Subtle signs of heart disease in women are often missed

Key symptoms elude most doctors in poll

January 26, 2000|By Diana K. Sugg | Diana K. Sugg,SUN STAFF

Two-thirds of primary care doctors in the Baltimore area don't know the sometimes subtle symptoms of heart disease in women, according to a new Gallup survey to be released today. .

Only a third of the physicians correctly identified some of the most significant signs of heart disease in women, such as chronic fatigue, dizziness and nausea.

The survey, commissioned by Union Memorial Hospital, found that about 80 percent of doctors cited crushing chest pain as a major warning sign, for example, when this symptom is more common in men.

Across the country, the lack of awareness among physicians of the gender differences in heart disease has devastating consequences. Experts say the disease in many women isn't diagnosed until they are very ill; others are wrongly sent home from emergency rooms, only to have heart attacks later and die.

"It really is a huge public health issue, and I think that it's not only the physicians that may not understand the importance of this, but the women themselves and their families," said Dr. Michael Rubinstein, director of the Women's Heart Disease Initiative at Union Memorial.

As a response to the survey findings, Union Memorial and other hospitals in the MedStar Health network are launching an education campaign. The American Heart Association and other organizations have conducted similar efforts to alert patients and physicians to signs of the disease.

Heart disease is the leading killer of men and women. One in three women dies from heart disease and stroke, more than twice as many as die from all cancers combined.

Vague, innocuous

But women have different symptoms than men -- symptoms that can seem vague and innocuous -- so many physicians don't think of heart disease when a female patient complains of lightheadedness or nausea. To make matters worse, some of the standard diagnostic tests for identifying heart disease are not as accurate in women as they are in men, doctors say.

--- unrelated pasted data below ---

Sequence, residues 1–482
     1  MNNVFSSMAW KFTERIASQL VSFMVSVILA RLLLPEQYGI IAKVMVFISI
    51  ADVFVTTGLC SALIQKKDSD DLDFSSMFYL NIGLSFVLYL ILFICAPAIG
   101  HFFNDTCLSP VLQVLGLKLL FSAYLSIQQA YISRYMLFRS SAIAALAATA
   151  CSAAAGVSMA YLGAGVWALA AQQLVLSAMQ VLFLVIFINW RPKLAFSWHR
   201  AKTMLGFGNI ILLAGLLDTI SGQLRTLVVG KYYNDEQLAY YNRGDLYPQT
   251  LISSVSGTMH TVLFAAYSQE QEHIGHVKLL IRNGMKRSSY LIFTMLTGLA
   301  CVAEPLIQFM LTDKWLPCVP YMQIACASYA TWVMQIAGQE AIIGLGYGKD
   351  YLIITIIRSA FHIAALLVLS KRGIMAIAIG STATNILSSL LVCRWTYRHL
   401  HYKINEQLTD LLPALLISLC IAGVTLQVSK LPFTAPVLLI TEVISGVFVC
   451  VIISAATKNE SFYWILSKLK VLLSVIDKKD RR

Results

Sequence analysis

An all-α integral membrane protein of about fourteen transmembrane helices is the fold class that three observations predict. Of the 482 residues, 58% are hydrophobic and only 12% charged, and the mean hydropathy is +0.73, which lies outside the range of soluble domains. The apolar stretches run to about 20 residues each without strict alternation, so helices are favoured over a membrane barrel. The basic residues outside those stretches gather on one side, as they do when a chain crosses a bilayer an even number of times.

Rubinstein noted that about 70 percent of primary care doctors didn't know that some diagnostic tests, such as a stress echocardiogram, are more sensitive and specific to women. Also, about 45 percent of the physicians interviewed said the greatest health risk for women over 50 wasn't heart disease. Instead, they named conditions such as breast cancer, osteoporosis and AIDS.

"That was pretty shocking," said Dr. Jeffrey Gaber, an internist at Mercy Medical Center who is board certified in geriatrics and also teaches at the University of Maryland School of Medicine. He said that his index of suspicion for heart disease in women is high and that he often orders stress tests for female patients. "But I think the older school doctors aren't as aware of this issue," he said.

Dr. Edward Miller, medical director of MedStar Physician Partners in Baltimore, which has more than 1,000 primary care doctors and specialists in Maryland, said he thinks many doctors got the training but need to be "re-oriented."

"It's not something they don't know," Miller said. "A lot of people have fallen into the trap of looking for the classic chest pain."

Doctors advise that women not interpret all of their vague symptoms as heart disease. Fatigue is one thing, but overwhelming fatigue, the kind that makes it impossible for a woman to finish routine tasks, is more of a heart disease warning sign. Also, nausea after a meal might simply mean a woman needs an over-the-counter stomach medicine; nausea after she walks up a flight of stairs could mean a heart attack. Waking up short of breath at night is a flag for anyone.

`Never crossed my mind'

Nancy Loving didn't know any of this when she woke up four years ago at 4: 30 a.m., with pressure in her upper back, nausea and clamminess. She tried walking around and drinking a glass of milk, but the Bethesda woman only grew more nauseated and lightheaded. Finally, her daughter drove her to Suburban Hospital. Within 10 minutes, doctors discovered that Loving was having a heart attack. She was 48.

"It never crossed my mind in a million years that I would ever have heart disease," Loving said. She was an occasional smoker, and her father and three uncles all died young from heart disease. But she -- and her physicians -- instead were worried about the possibility of Loving's inheriting breast cancer from her mother. When her cholesterol was finally measured, it was off the charts.

"I was a walking heart attack waiting to happen," said Loving, who owns a public relations agency. She and other patients have formed a support and advocacy group, the National Coalition for Women with Heart Disease (

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